So if tomorrow brings a hot new digital trend like, say, AI voice ordering at a drive-thru or technology-enabled menu boards, a quick service restaurant with its own tech stack will unlikely fall behind the competition. It will build and add new functionality tailored to its requirements, satisfying customers’ hunger for fresh-from-the-oven features. 

Optimized Operations 

QSRs are going digital all the way, using the capabilities of technology to achieve greater levels of process optimization and stand out in the market. 

One of the great examples of such transformation is YumBrands. According to its CEO, the company aspires to “be the leader when it comes to proprietary technology in the restaurant industry”. And despite all its recognition it doesn’t rest on its laurels. Instead it’s investing heavily in in-house solutions and steadily expanding its digital portfolio.

The brand’s proprietary tech suite spans across almost every, if not all areas of quick service restaurant business. Yum’s POS system Poseidon conveniently covers order management, cash management and real-time store reporting from one hub. The custom-built SuperApp provides restaurant managers with tools for automating everyday operations, saving them time and effort for more crucial activities. The company’s AI-powered inventory system simplifies the restocking process by predicting and suggesting the quantity of each product a manager should order. 

And the last ingredient of Yum’s winning recipe is its in-house commerce platform. This solution not only improves the visibility with data-based insights, as we’ve mentioned above, but also enables the company to save time and money on marketing campaigns. Today, a promotion can be built and launched “in a matter of weeks”, says Yum’s CFO Christopher Turner. “Previously, the process would have taken months with significant third-party expense”. 

Proprietary tech is also invaluable in the kitchen. Sweetgreen, an ambitious digital disruptor, is furnishing its locations with proprietary robots that assemble customers’ orders on a conveyor belt. So far, the project has been showing incredible results. Apart from improved restaurant throughput and more precise order portioning, Sweetgreen’s innovation has increased production by a whopping 50% by “cooking” up to 500 dishes an hour. Though robots don’t replace human workers completely, they reduce the number of employees needed to assemble salads from 7-9 to just 1-2, freeing up staff and allowing it “to focus more on customer experiences”, according to the brand’s CEO Jonathan Neman.

For the companies with a nearly fully franchised business model, going the proprietary route is a way to stay ahead of the curve. Investing in owned tech stack that streamlines workflows for operators enhances the competitiveness of franchise programs, enabling brands to gain a competitive edge over other industry players.


There’s no doubt that building a tech stack is a costly endeavor. Currently the companies in the process of developing their own online ordering systems or ecommerce platforms are mainly big players that can cover the upfront investment. However, it “could be more beneficial in the long run than trying to piece together a formula for the perfect tech stack for a brand’s specific needs from several vendors”, believes Nation’s Restaurant News

Marco’s Pizza case demonstrates one of the ways QSRs can actually cut their digital costs by going in house. Since the new proprietary solution is completely cloud-based, the brand doesn’t need any middleware. Additionally, Marco’s software is device-agnostic, meaning that it can seamlessly run across various gadgets and systems with no additional adjustments. This will save a pretty penny not only the brand as a whole, but also its franchisees.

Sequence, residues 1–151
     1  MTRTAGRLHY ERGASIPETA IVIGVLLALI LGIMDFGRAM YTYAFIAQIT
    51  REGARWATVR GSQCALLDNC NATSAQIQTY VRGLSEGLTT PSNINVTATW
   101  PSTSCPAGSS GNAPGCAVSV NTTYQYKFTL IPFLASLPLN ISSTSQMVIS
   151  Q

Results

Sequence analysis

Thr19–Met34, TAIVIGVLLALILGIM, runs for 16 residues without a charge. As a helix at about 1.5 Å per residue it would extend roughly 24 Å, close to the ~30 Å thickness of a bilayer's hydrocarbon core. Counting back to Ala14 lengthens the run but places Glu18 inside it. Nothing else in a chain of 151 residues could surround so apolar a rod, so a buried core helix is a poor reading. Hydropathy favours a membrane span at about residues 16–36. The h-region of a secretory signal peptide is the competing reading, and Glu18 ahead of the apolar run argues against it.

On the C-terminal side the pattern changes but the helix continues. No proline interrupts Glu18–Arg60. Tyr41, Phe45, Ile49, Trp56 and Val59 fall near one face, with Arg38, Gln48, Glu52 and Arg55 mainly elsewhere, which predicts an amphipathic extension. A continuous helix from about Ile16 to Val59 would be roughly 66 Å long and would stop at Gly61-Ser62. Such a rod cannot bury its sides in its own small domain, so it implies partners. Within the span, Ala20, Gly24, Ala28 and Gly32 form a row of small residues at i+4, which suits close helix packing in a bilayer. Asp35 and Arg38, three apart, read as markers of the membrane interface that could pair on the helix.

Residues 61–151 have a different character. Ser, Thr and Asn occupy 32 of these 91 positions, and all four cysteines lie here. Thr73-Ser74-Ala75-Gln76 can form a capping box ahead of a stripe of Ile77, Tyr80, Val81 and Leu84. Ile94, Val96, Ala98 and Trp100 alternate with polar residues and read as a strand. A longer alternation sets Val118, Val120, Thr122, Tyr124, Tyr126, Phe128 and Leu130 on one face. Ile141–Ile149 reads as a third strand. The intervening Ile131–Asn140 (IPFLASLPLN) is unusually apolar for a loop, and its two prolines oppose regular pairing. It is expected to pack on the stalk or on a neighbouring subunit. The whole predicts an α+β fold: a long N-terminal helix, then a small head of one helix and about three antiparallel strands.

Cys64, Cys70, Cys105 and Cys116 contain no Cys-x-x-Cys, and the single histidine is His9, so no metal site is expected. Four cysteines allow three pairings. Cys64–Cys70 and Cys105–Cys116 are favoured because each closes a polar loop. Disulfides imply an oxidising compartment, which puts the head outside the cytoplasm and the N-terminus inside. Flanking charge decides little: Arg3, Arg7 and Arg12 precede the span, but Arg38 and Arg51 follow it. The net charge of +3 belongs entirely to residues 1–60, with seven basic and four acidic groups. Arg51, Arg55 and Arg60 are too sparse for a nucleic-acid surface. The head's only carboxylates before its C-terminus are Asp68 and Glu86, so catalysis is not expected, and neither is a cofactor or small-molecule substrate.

Balancing Hospitality With Innovation

Not every quick service restaurant, however, is ready to reposition itself as a tech company. Like Domino’s did back in 2015, when its former CEO J. Patrick Doyle famously declared: “We are as much a tech company as we are a pizza company.” Such a drastic metamorphosis is rather an exception than a must-follow example.

Most QSRs, even the biggest digital pioneers in the industry, prefer to stay focused on what matters the most — the food, the restaurant experience, the business value, and the brands. They view technology only as a means of achieving their goals, rather than the core of their business. 

Therefore, instead of focusing exclusively on internal digital capabilities they choose to seek committed partnerships with technology companies. This approach allows them to translate their strategic goals into custom solutions powered by the latest technology. All they have to do is to find the right partner.

And what makes a suitable partner? First of all, they should have the skills and knowledge relevant for your project. If, say, you want to develop a voice assistant, you want a contractor who has expertise in AI. And if you’re going to build an inventory management system with forecasting capabilities, look for companies specializing in predictive analytics. 

Another important thing for you as a restaurant brand to look for in a partner is prior experience in the restaurant industry. It’s crucial that they understand the ins and outs of the business, including the requirements for compliance and security. 

And the last thing you’d want to do when choosing a software development contractor is to make sure the company you’re signing up with has the flexibility, skills and knowledge to pivot to meet your new needs and adjust to the rapidly changing industry trends.

About Softarex

Softarex is a team of seasoned experts in Artificial intelligence, Computer vision, Machine learning and Predictive analytics. With 23 years of experience in custom software development and a portfolio of restaurant projects we know how to deliver tangible results to businesses. 

If you are considering building proprietary software, feel free to reach out to us. Our specialists will assist you in executing a digital transformation strategy that will drive efficiency, optimize daily operations and give you the competitive edge over other QSRs.